In 2008, Lucian Freud came to the headquarters of the Government Art Collection to revisit his work Welsh Landscape, painted between 1939 and 1940.
On the bicentennial of Greece’s 1821 Revolution and War of Independence, discover Lord Byron through a new lens. Understand the power of his image and his influence through six related works of art and letters from the Government Art Collection and Newstead Abbey.
A new installation of art at the British Embassy in Tehran evokes the early days of the Embassy, and is a reminder of the longstanding relationship between Britain and Iran.
The British Ambassador's Residence in Budapest, built in 1925, was originally home to Hanna Hódosi and her husband Tibor Scitovszky. Find out why this became significant for the Collection.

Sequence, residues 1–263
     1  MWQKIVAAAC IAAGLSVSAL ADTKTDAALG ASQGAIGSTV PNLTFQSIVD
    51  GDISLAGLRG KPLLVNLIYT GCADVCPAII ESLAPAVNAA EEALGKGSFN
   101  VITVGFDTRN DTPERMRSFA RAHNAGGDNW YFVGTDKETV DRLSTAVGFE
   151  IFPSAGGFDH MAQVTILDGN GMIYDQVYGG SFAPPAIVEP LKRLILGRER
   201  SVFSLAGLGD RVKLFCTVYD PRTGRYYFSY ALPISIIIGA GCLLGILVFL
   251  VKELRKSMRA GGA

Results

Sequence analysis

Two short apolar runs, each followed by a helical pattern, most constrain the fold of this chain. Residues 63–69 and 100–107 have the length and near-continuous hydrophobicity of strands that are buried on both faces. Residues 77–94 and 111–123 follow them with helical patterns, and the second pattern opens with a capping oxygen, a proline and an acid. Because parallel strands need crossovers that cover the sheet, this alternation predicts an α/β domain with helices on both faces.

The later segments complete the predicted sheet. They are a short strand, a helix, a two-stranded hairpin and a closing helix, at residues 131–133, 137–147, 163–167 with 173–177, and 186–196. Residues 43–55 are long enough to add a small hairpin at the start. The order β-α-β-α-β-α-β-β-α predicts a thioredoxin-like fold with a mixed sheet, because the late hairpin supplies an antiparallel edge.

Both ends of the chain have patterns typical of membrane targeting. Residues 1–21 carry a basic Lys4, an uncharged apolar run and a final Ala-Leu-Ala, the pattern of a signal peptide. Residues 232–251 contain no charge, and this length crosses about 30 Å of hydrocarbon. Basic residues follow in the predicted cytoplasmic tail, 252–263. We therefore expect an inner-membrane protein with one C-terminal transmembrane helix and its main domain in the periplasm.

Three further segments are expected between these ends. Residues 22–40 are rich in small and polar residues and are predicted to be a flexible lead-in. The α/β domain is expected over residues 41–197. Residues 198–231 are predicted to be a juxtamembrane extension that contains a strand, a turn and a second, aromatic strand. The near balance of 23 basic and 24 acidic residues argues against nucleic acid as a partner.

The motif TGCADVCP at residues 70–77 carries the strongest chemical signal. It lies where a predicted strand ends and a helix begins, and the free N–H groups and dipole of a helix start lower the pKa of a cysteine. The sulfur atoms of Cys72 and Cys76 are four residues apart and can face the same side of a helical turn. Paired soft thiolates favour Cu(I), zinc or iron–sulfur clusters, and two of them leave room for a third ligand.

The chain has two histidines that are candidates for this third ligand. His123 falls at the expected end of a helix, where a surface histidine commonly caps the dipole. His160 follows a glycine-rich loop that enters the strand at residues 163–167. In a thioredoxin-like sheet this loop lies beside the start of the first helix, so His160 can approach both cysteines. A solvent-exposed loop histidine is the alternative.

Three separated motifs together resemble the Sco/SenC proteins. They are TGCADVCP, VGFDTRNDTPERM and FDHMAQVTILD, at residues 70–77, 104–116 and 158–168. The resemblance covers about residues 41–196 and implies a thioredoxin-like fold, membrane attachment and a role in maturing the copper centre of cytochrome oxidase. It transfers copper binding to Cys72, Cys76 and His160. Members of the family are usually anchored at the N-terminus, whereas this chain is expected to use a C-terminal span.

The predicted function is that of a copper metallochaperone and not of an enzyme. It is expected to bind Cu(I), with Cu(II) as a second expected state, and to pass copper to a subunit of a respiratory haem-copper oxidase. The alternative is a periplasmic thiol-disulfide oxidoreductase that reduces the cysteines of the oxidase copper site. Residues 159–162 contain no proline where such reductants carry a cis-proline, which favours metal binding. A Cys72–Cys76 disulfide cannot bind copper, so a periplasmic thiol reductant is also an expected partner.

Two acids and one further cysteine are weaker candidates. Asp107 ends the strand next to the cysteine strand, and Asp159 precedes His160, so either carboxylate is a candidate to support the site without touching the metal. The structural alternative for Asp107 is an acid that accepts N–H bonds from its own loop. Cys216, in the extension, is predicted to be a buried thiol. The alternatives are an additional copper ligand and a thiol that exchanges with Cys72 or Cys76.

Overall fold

Works from the Collection are particularly well represented in New York City. Find out what the portrait in this picture tells us about Britain’s entangled history with the United States.
A glimpse of diplomatic relations between the UK and France in the 19th century, through a selection of works from the Collection, installed at the British Ambassador's Residence in Paris.
The British Ambassador's Residence in Beijing portrays a modern, sustainable and innovative Britain. Find out how the art on display echoes these values.
An old map of Romania and a fire-damaged print of London: Britain's Head of Soft Power, who also served as Ambassador to Romania, speaks with our historical curator about the links between art and diplomacy.
Between 2012 and 2016, the Collection worked with the British Ambassador to Japan on new displays of art for Tokyo. The former Ambassador reflects on the role that art played in diplomacy.
Find out why Bob and Roberta Smith's painting, 'Peas are the New Beans', raised a smile among the bean-counters at HM Treasury.